Alan Marshall in 1971

I am indebted to Alan for the photographs and the anecdotes that are presented on this page.

“I was deployed to Salalah from RAF Episkopi in 1971 I believe it would be July/August or August/Sep. I was sent to assist with the huge workload in the Commcen. At that time the Salalah links to the outside world were two Morse code (CW) circuits and an R/T circuit to RAF Masirah. I see Simon Crozier (who I have met when serving in the RAF) has some information on the Commcen when huge advances had been made to make use of Teleprinter links.”

“The Commcen was staffed by a Cpl and four dedicated Telegraphists with the addition of one additional SAC deployed on rotation from Cyprus. I should have been there for one month but offered to stay on for a second month which was accepted.”

“The amount of signals was huge, mostly sent encrypted offline so a single signal could consist of 5 to 6 thousand 5 letter groups. The other signals were flight plans, departures, arrivals etc etc.”

“While we were there we underwent at least 30+ attacks from the PFLOAG (adoo) A SOAF strikemaster was shot down (a lucky shot from a rifle cut the fuel line and the engine flamed out) and crashed while I was there, the pilot survived with broken back I believe. ( The pilot in question was Barrie Williams sustained a broken back at T7 and severe bruising of the spinal cord resulting in hemiplegia. He was casevaced to Stokemandeville where he made spontaneous recovery. He was rehabilitated at Headley Court and returned to Dhofar to fly the Shorts SC7 SkyVans – Webmaster) There were other casualties and I see the mention on your site of an airman who was electrocuted. This happened I believe while he was carrying out work to the sodium lamps that were used to illuminate land outside the perimeter fence.”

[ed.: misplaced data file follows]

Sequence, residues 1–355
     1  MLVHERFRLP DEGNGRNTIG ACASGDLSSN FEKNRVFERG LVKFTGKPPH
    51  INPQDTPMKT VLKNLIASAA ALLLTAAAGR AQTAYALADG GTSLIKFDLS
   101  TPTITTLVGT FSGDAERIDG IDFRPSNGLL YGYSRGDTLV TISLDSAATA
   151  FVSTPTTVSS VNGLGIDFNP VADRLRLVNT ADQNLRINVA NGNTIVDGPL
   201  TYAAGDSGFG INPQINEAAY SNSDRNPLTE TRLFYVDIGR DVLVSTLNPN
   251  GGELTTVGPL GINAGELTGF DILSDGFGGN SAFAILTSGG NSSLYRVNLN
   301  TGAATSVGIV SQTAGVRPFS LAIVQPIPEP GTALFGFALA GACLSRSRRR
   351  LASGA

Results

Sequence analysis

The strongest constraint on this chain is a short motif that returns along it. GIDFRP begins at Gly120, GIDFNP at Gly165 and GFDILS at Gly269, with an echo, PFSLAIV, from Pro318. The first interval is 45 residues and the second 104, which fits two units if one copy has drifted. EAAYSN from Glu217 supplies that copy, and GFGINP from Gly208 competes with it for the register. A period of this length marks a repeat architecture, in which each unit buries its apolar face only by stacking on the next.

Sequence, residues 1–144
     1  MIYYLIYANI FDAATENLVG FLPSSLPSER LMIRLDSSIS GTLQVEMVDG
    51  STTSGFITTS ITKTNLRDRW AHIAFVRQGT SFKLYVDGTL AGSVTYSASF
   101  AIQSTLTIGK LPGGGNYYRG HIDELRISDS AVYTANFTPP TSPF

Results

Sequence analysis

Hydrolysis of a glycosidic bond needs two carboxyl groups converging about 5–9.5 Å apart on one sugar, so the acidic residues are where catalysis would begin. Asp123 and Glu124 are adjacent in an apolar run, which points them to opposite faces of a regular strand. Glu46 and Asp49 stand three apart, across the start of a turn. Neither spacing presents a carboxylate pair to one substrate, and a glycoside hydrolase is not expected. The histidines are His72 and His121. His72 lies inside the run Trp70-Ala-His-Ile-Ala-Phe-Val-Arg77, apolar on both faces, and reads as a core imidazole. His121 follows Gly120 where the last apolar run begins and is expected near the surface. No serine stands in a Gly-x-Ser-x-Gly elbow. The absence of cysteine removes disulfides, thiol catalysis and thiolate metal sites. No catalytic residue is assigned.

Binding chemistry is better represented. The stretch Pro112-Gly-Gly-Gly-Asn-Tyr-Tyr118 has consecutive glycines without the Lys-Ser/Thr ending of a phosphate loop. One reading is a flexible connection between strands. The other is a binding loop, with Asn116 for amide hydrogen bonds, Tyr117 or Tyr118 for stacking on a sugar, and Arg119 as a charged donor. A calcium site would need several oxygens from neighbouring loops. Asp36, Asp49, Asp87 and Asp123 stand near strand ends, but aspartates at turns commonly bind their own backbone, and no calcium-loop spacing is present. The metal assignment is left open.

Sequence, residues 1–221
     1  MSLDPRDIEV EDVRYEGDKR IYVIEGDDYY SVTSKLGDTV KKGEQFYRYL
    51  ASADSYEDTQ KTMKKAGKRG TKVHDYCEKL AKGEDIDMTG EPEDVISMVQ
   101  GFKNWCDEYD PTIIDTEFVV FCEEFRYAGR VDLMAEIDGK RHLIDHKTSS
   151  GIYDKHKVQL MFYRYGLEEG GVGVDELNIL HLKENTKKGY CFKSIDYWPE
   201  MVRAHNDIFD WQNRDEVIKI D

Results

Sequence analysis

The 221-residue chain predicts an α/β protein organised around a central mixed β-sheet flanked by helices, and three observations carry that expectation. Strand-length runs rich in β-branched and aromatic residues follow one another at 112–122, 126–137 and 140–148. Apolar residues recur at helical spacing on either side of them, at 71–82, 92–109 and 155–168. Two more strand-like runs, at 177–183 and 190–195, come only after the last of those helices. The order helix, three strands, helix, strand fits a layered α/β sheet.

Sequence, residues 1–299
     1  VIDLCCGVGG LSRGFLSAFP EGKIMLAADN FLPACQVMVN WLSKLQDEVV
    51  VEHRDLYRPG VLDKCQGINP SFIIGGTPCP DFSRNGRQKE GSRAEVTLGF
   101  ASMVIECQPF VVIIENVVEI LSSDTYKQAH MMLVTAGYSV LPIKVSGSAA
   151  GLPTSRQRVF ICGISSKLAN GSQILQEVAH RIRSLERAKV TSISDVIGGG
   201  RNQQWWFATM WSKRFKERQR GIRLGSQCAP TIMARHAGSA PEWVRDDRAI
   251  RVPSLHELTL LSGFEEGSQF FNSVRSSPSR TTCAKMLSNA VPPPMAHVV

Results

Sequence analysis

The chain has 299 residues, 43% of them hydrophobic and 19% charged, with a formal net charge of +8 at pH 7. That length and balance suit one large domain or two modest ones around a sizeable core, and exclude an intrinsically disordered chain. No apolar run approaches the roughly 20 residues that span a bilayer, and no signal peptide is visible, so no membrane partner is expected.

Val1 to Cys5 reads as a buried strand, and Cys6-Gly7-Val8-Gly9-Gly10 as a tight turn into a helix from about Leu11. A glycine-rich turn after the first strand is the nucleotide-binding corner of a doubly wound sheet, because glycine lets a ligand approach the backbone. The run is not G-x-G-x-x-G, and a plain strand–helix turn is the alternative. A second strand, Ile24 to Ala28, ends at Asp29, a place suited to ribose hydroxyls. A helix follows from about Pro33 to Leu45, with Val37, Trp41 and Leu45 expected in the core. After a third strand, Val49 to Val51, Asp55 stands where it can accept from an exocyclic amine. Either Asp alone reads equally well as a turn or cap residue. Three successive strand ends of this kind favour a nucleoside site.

“While there a SOAF Strike master was called in to make an attack on the adoo in the hills it was hit with small arms fire probably AK47 and a round had severed a fuel line to the engine. The engine flamed out as he was about to make a second attack and the pilot jettisoned his ordnance which was I understand close to the hedgehog positions the pilot ejected and the aircraft crashed.”

 “I went to the mess one morning for breakfast and the duty cook said he had seen a large rat in the kitchen I asked him for a large knife which he duly supplied. I managed to corner the rat and it ran up onto the griddle (not yet hot) used to fry the eggs. I was about to deliver a fatal blow to the rat but the cook pleaded for me not to chop it on the griddle, so I decided to catapult it using the blade from behind the rat in the hope of killing it. As I flicked the rat across the room another guy walks through the door and gets flying rat inches from his face. The rat escaped.”

 “It was quite an experience being there seeing the 25 pounder and hearing the shells going out the artillery was initially located behind the camp but was later moved to the front for whatever reason. On my way back from Raysut unloading a ship with NAAFI supplies I saw the impact of the 5.5inch howitzer shell on the jebel 4 or 5 miles away. Someone mentioned the shrapnel spread was about 200 yards.”

 “There was one night when it was continual mortar and heavy machine gun fire heard from the hedgehogs so there must have been a substantial assault taking place”

 “I remember the rooms being blacked out and at night after an evening shift following the stones along the roadside which were whitewashed to aid navigation back to the accommodation block. The stones are visible in the last photo.”

 “I have many memories over the two short months some good some not. I enjoyed the communications although it was an extremely busy little Commcen. The camaraderie was good. I did however loathe the flies that God forbid got into the room when you were steeping with your mouth open. Salalah flies bite and you will no doubt be very aware of the fact.”